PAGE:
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I am trying to consume a WCF web service from a .NET client application, and I think I need to be able to programmatically create endpoints, but I don't know how. I think I need to do this because, when I try to run the application, I am getting the following error:

Could not find default endpoint element that references contract 'IEmailService' in the ServiceModel client configuration section. This might be because no configuration file was found for your application, or because no endpoint element matching this contract could be found in the client element.

While troubleshooting this error, I created a simple windows forms application, in which I try to consume the same web service. With this test application I can connect to the web service successfully, and I get a valid response. But, I can reproduce the exact error cited above within in my test app by removing the system.serviceModel node and all of its child nodes from the application's app.config file (I might not have to remove ALL of that section, I'm not sure). So, my first thought was that I need to add that section to the app.config file for the real app, and everything should be fine. Unfortunately, for ridiculous reasons that I won't get into here, that is not an option. So, I am left with having to generate this information in code, inside the client app.

I am hoping someone here can help me work through this, or can point me toward a good resource for this sort of problem.

Is it possible to create endpoint configurations in the client app, in code?

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up vote 34 down vote accepted

By default, when you do an Add Service Reference operation, the WCF runtime will generate the client-side proxy for you.

The simplest way to use it is to instantiate the client proxy with a constructor that takes no parameters, and just grab the info from the app.config:

YourServiceClient proxy = new YourServiceClient();

This requires the config file to have a <client> entry with your service contract - if not, you'll get the error you have.

But the client side proxy class generated by the WCF runtime also has additional constructors - one takes an endpoint address and a binding, for instance:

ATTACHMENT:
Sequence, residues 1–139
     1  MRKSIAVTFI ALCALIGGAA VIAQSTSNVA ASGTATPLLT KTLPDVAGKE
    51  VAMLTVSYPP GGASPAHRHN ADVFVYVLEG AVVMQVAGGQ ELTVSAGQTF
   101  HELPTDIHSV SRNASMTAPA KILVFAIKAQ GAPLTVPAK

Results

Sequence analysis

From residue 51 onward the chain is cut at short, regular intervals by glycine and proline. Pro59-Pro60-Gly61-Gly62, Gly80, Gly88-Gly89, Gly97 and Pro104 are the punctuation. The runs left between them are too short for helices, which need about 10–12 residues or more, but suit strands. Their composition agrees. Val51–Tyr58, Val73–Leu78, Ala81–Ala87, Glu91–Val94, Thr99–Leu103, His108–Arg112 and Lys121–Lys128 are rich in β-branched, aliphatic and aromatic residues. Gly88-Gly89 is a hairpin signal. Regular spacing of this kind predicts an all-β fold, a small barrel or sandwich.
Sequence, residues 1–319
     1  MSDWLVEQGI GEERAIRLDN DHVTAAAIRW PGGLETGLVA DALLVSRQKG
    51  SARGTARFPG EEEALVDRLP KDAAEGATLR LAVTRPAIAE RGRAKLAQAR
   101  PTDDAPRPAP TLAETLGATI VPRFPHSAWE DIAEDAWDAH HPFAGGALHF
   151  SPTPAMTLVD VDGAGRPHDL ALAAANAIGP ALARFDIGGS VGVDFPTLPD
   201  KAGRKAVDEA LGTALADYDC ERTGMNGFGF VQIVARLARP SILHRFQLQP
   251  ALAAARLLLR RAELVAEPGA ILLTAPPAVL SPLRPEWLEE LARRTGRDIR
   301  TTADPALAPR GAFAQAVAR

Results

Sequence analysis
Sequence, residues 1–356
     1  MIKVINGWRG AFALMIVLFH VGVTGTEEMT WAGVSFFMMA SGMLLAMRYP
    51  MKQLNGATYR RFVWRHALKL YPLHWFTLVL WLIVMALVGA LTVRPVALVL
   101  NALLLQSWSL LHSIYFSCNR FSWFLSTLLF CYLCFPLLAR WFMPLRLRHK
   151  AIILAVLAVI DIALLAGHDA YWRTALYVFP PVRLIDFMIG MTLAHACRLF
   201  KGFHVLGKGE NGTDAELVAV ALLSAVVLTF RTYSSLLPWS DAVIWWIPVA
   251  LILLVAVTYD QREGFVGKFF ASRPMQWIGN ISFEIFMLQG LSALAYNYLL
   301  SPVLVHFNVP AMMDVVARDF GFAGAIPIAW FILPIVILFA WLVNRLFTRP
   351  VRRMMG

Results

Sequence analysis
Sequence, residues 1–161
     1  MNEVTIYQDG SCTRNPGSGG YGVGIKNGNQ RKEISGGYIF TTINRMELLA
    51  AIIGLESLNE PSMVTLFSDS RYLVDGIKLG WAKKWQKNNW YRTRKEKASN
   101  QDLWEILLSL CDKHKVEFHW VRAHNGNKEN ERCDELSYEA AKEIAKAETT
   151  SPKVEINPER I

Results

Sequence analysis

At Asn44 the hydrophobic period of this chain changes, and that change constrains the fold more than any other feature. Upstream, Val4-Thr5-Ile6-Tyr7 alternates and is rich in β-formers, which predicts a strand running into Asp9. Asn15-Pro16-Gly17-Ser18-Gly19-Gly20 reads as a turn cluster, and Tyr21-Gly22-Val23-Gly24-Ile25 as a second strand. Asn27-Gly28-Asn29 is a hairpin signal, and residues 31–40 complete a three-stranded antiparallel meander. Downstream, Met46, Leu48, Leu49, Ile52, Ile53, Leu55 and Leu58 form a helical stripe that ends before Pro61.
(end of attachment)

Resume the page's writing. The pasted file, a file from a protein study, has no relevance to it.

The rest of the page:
BasicHttpBinding binding = new BasicHttpBinding(SecurityMode.None);
EndpointAddress epa = new EndpointAddress("http://localhost:8282/basic");

YourServiceClient proxy = new YourServiceClient(binding, epa);

With this setup, no config file at all is needed - you're defining everything in code. Of course, you can also set just about any other properties of your binding and/or endpoint here in code.

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This is exactly what I needed. I can't tell you how much I appreciate this! – campbelt Feb 24 '11 at 16:41

An east way to consume a WCF service if you have a reference to the assembly which defines the interface, is using the System.ServiceModel.ChannelFactory class.

For example, if you would like to use BasicHttpBinding:

var emailService = ChannelFactory<IEmailService>.CreateChannel(new BasicHttpBinding(), new EndpointAddress(new Uri(";

If you don't have a reference to the service assembly, then you can use one of the overloaded constructors on the generated proxy class to specify binding settings.

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Thank you, eulerfx. I am new to all of this, so I am not sure how to use the variable once it contains data, but I will explore this angle and see where it takes me. – campbelt Feb 23 '11 at 23:56
Thank you very much! I was able to use your suggestion, along with the resource located at the following address to work this out: – campbelt Feb 24 '11 at 0:08
Arg ... it turns out that, while this does allow my test application to work fine without the system.serviceModel section being in the app.config, for some reason I am still getting the same error from the real application. I will continue to research. – campbelt Feb 24 '11 at 0:21
@eulerfx, this is a great advice! no need to create a proxy class or add a service reference this way!! – zaitsman Jul 16 '14 at 5:42

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